Back when the Nintendo Wii was at the height of popularity, it was accompanied by a variety of accessories from tennis rackets to wheels. It gave the Wii controllers a little more shape, and provided more of an immersive gaming experience. Following the launch of the Nintendo Switch in 2017, Nintendo released Nintendo Labo – cardboard-based accessories for the Nintendo Switch.
Here, you’ll find out everything you need to know about Nintendo Labo including the release dates and prices for the various different Labo kits, including their features and gameplay modes.
Nintendo has released two Labo kits so far, the Variety Kit and Robot Kit - read our Labo review to find out what we thought of the Variety Kit. The next to come out is the upcoming Vehicle Kit, and here's what we know so far:
Labo Vehicle Kit release date and trailer
Labo launched with two kits available, but Nintendo has now announced the third: the Vehicle Kit. Due out on 14 September 2018, this new kit will include everything you need to build controls for a car, submarine, and plane, including a foot pedal and multiple 'keys' that you can use to switch between mini-games.
The gameplay shown off in the announcement trailer looks more flexible than the Variety Kit, with what looks like an open world to explore, with the ability to switch from one vehicle to another in the middle of gameplay - and potentially even some co-op multiplayer from the look of things.
Nintendo hasn't yet announced the price of the Vehicle Kit, but we're expecting it to be similar to the previous two kits, so likely around £60/$70.
How much does Nintendo Labo cost?
So, how much does Nintendo Labo cost? It is made from cheap cardboard as opposed to plastic, after all. The Variety Kit will set users back £59.99/$69.99, while the Robot Kit is slightly more at £69.99/$79.99. As mentioned above, we don't yet have pricing for the upcoming Vehicle Kit, but expect it to match the Variety Kit.
Those interested can also pick up an £8.99/$9.99 customisation set with stickers, tape and stencils to customise your cardboard kits.
Of course, being made out of cardboard, the Nintendo Labo accessories aren't the most durable on the market. Prior to launch, this made some fans nervous: would they have to fork out another £60/$70 if they break the cardboard fishing rod, or crush the robo-backpack? Thankfully, it won't be the case.
It seems Nintendo itself is aware of the low durability of its latest product, and has started offering replacement parts of its' DIY kit on the Nintendo Store in the US and in the UK. The accessories aren't that expensive either; spare parts start at only $1.99/£3.49 each.
It's worth noting that you can't simply buy replacement parts and hope to have the Nintendo Labo experience - the kits come with a game cartridge containing the software, something not available from the replacement parts section of the store.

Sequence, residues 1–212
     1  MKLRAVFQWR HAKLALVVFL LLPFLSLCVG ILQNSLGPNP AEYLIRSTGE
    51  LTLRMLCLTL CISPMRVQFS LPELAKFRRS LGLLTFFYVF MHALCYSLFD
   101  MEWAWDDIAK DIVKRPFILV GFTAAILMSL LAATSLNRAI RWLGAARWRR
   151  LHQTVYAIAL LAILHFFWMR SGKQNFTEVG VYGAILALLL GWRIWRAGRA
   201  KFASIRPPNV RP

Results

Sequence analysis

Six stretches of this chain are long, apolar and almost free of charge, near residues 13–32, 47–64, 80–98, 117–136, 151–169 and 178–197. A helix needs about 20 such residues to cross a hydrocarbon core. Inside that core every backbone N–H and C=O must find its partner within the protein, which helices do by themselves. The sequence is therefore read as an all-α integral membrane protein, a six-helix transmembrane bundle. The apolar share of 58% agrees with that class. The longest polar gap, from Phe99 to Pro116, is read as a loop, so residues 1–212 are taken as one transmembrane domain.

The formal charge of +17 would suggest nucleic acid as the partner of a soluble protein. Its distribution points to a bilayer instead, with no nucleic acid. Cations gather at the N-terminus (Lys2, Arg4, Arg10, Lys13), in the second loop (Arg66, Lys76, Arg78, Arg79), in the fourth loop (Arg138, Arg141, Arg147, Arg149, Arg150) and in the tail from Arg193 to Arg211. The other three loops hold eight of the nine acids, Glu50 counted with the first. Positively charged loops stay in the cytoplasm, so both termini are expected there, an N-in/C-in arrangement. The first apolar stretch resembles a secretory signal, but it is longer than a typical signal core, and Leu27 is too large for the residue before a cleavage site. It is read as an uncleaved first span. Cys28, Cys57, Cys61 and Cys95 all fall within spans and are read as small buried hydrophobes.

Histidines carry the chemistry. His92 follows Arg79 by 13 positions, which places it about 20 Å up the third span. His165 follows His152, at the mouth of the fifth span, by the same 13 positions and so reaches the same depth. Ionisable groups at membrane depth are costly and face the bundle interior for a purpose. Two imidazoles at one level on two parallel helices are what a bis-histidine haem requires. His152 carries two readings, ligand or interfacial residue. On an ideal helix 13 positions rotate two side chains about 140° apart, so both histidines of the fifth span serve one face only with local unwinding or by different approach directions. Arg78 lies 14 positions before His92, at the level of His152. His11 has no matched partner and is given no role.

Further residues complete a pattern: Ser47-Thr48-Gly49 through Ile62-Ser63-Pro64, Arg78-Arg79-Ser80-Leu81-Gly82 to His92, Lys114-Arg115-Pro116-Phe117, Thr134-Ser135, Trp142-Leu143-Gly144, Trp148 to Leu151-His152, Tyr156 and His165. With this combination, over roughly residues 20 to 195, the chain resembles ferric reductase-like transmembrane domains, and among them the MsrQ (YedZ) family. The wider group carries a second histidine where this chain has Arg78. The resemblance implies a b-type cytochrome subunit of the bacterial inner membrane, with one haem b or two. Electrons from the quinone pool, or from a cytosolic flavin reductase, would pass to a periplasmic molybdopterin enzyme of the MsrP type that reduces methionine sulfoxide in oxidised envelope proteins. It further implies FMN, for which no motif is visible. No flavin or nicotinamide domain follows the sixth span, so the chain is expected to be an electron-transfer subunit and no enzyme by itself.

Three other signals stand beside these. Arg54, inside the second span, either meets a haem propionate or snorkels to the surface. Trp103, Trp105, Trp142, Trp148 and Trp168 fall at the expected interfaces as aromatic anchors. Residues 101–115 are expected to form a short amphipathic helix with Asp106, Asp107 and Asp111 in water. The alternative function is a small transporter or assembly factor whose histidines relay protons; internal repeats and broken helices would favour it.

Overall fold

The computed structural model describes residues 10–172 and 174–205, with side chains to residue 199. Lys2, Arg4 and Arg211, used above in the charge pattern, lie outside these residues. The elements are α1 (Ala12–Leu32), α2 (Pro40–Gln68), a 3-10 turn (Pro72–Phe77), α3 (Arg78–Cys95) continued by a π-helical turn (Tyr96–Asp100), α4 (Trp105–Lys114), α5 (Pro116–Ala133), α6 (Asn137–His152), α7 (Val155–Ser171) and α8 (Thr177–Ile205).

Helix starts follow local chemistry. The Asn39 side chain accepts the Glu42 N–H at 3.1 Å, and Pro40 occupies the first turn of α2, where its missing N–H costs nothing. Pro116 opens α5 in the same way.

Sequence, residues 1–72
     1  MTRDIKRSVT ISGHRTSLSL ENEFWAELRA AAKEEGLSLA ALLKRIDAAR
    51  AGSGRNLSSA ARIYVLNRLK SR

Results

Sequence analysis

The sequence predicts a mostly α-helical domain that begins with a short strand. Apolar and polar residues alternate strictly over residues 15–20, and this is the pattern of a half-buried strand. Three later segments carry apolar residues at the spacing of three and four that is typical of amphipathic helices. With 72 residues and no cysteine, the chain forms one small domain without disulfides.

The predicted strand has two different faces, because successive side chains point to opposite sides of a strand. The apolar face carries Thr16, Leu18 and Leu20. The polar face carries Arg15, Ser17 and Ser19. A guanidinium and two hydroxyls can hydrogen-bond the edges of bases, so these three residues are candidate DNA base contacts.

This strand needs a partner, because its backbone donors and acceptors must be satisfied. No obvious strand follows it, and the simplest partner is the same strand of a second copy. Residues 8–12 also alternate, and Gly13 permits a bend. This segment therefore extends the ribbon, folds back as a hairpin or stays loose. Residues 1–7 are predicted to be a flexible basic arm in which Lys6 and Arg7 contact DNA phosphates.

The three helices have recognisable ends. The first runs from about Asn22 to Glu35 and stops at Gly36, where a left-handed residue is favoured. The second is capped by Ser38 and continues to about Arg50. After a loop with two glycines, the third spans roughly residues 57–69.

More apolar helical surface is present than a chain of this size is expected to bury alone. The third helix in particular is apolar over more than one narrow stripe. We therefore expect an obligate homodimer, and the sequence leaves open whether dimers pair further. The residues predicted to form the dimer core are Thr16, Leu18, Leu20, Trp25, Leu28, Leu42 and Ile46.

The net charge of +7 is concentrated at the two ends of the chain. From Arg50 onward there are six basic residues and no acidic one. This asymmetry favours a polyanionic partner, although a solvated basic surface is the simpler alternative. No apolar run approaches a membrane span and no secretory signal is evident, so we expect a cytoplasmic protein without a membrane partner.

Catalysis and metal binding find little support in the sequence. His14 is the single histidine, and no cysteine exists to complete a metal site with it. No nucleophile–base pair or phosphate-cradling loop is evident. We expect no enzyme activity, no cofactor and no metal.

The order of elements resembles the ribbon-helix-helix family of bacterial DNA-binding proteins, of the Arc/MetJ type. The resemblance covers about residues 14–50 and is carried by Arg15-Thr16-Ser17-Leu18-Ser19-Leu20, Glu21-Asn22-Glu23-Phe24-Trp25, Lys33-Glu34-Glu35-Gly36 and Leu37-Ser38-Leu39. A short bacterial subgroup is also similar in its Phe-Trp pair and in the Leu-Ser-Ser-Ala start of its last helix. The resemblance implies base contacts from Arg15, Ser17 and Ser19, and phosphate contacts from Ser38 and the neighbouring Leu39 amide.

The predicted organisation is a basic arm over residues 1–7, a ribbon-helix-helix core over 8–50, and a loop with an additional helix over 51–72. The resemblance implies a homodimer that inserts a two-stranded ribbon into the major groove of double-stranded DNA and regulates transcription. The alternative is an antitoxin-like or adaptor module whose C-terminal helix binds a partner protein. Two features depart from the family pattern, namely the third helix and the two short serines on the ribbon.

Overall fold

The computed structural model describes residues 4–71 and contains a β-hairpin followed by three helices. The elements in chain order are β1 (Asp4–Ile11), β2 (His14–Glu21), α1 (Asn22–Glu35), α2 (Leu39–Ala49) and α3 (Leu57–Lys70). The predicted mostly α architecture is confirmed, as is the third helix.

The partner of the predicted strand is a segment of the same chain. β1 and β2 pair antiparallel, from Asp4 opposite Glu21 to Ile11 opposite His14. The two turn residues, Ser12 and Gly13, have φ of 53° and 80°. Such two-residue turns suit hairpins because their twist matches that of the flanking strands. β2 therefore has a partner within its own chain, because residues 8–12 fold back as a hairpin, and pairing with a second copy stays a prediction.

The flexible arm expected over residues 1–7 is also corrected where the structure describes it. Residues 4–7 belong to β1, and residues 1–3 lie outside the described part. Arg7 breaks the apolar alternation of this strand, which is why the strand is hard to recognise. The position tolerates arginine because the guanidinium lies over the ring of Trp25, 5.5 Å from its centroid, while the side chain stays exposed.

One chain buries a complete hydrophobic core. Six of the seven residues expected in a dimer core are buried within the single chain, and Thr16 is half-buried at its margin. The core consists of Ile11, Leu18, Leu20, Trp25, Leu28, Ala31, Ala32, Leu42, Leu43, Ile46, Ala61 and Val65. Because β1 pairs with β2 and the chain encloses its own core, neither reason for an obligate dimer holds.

What can I do with Nintendo Labo?
The big question is what can you do with Nintendo Labo? As showcased in the reveal trailer seen at the top of this article, Nintendo Labo offers a range of cardboard accessories to enhance your Switch gaming experience.
You simply pop the cartridge into your Nintendo Switch and follow the Lego-esque step-by-step instructions on-screen to build your cardboard accessories. All the accessories are flat-packed to begin with, and can take anywhere from 5 minutes to two hours to install – especially when it comes to the more complex accessories like the telescopic fishing rod or the wearable exoskeleton.
While it sounds pretty cool on the surface, it’s how Nintendo is achieving this level of connectivity using cardboard that is most impressive.
Have you, like us, wondered how the Nintendo Switch can play notes from a cardboard piano? Rather than somehow utilising the Joy-Con’s HD Rumble, it uses the right Joy-Con’s IR camera to read the internal workings of the keyboard and translate those notes to the console.
The Joy-Cons really are at the centre of Toy-Cons, and can be used in new and inventive ways. Want to build a cardboard robot? Pop it out of the flat-packed cardboard, tape a Joy-Con to the rear and watch as the controller’s vibration motor makes it move.
And, being cardboard, it's easy to customise, repair and replace your Toy-Cons if/when they get damaged. Nintendo will send out replacement parts, but you could just as easily glue/stick it back together with sellotape. It really is an interesting, environmentally friendly way to introduce gamers to a whole host of new accessories.
Since the initial announcement, Nintendo has introduced the Toy-Con Garage Mode for Labo. In a nutshell this lets players create their own way to use and play with the Labo accessories.
In what is basically a fun way to do a sort of coding, Labo uses will be able to control 'nodes' for both input, middle and output so you can decide what happens when you do certain things. It works in a similar way to 'if this then that' (ITTT).
"For example, an input node could be gently shaking the Joy-Con controller, a middle node could be a certain number of times shaken, and an output node could trigger a sound effect or a blinking light when the two previous actions occur," said Nintendo.
The possibilities are almost endless so you could use the Labo fishing rod as a musical instrument or use the piano to steer the RC car.
Watch the first three episodes of Toy-Con Garage to see what's possible: